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    Dedicated support for United Way, Queen’s

    When John Weatherall looks at the needs of a community today, what he sees as vitally important is a sense of closeness.

    Unfortunately, he points out, that closeness is sorely missing in most communities.

    John and Diana Weatherall are long-time supporters of both Queen’s University and the Kingston community. (Supplied photo)

    However, one of the ways he personally is trying to make a difference is through his participation with the United Way of Kingston Frontenac Lennox and Addington.

    While he has long supported the United Way in a number of ways, John is currently heading up the Leadership Challenge Grant, which is aimed at encouraging ‘Leadership’ level donations of $1,200 or more during the annual fundraising campaign. This is the second year that John and his wife Diana have given the Leadership Challenge Grant.

    John often speaks of issues on a global scale, yet he remains very connected to local matters. It is something that he inherited from his father while growing up in England. 

    “My father was always involved in local things – school boards, local politics, planning boards,” he says, adding that, as a result of his father’s influence, he “feels a kind of duty” to help others in the community.

    He sees the United Way as an important vehicle for making such a difference as it supports a wide range of local initiatives providing much-needed support to the community. The efforts help bind the community together.

    “I do believe very much that the community has to be close and the community is getting less close,” he says.

    John is a trained engineer who has worked in the investment industry for over 50 years.  He is currently running his own investment firm after retiring as a director from Toronto Dominion Bank in 1995.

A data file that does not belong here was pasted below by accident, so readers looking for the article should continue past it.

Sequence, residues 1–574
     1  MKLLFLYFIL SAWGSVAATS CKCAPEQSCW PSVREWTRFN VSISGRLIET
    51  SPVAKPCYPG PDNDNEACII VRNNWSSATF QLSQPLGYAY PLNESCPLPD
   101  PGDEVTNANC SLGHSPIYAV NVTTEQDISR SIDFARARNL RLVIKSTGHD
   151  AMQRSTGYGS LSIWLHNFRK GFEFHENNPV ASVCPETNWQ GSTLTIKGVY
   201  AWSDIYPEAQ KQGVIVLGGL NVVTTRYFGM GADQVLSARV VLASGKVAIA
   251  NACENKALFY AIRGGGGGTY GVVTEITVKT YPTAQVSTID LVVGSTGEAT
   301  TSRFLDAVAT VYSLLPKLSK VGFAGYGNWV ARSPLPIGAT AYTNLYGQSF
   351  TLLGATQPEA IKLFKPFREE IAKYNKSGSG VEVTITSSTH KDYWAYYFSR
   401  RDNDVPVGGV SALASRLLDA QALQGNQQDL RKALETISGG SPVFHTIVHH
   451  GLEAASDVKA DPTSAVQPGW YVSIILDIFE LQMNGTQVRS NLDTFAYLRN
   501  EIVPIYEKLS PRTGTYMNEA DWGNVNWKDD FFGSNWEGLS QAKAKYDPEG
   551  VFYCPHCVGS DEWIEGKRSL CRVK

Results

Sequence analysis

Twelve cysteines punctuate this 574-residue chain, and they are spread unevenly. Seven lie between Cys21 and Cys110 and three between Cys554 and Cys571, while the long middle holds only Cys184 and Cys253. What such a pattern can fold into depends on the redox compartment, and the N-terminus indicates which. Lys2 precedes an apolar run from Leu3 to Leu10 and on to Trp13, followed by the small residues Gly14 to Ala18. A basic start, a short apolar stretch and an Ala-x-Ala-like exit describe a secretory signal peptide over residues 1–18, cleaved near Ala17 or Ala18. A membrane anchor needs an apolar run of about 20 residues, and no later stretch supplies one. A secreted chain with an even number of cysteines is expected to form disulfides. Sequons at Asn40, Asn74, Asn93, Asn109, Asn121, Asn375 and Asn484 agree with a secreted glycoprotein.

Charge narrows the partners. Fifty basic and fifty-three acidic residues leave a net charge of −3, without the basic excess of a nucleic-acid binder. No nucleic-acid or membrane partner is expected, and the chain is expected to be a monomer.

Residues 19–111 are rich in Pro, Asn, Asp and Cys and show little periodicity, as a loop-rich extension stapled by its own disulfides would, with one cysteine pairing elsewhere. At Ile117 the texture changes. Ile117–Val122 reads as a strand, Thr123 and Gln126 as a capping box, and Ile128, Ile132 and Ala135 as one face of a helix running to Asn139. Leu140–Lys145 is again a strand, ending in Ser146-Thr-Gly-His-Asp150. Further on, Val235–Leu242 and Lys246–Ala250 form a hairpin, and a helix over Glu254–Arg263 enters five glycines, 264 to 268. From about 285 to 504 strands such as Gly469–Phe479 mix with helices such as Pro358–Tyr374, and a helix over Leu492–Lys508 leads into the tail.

Much of his work is aimed at bringing people together once again. A key to this is mentorship, the sharing of knowledge among people with similar interests. By having role models and opportunities to be in programs local youth can have something they can be proud of and build self-esteem. 

    It’s also a role he plays through the Leadership Grant Challenge.

    “Connections are important,” he says.

    John points out that the world, Canada included, has undergone significant and difficult changes in recent decades. The subsequent results include the separation of communities, a decline in values and growing youth unemployment.

    But, through local efforts, change can still be made with the proper support such as that found through the United Way.

    “You look at what you are able to give and you find out what is important and you do that,” he says. “That’s part of being in a community.”

    John first arrived in Kingston in the 1950s when he worked for Alcan, coming from England and creating a kind of second home. During his time here he also fostered some close connections with Queen’s, including befriending Principal William Mackintosh.

    John continues to help Queen’s by supporting the Office of Advancement in its effort to raise funds for the university and its students.

    He also supports the university directly through the Scarthingmoor Prize in Economics, which he established in 2006. The award is handed out annually to a student whose Master’s essay received a mark of at least 85%. 

    Also, in recognition of his work, Queen’s offers the John Weatherall Visiting Scholar Fund in Economics, funded by a gift from the Jim Pattison Foundation. The fund provides resources for the Department of Economics to invite top-flight economists from other institutions, especially leading scholars from outside of Canada, to visit Queen's for variable periods of time of one week or more.

    The United Way Campaign at Queen's has set a goal to raise $300,000. The United Way of Kingston, Frontenac, Lennox & Addington funds agencies that help 75,000 people locally each year, including 13,775 school students who were provided nutritious food to help them learn better at school, 1,810 children and youth who were healthy, active and safe by participating in afterschool activities, 250 seniors who were dealing with elder abuse issues found a new sense of safety, and 1,705 people found a place to call home with emergency, transitional or affordable permanent housing.

    Donations can be made online at https://andarweb.unitedwaykfla.ca/quregistration through payroll deduction or credit card. If you would prefer to make your gift by cheque or cash, pick up a form at the Human Resources reception desk in Fleming Hall, Stewart-Pollock Wing or request, through the online system, a form to be sent to you. You have the option to make a one-time gift or, back by popular demand, choose to have your pledge automatically renewed each year. For any questions, send an email to queensunitedway@queensu.ca.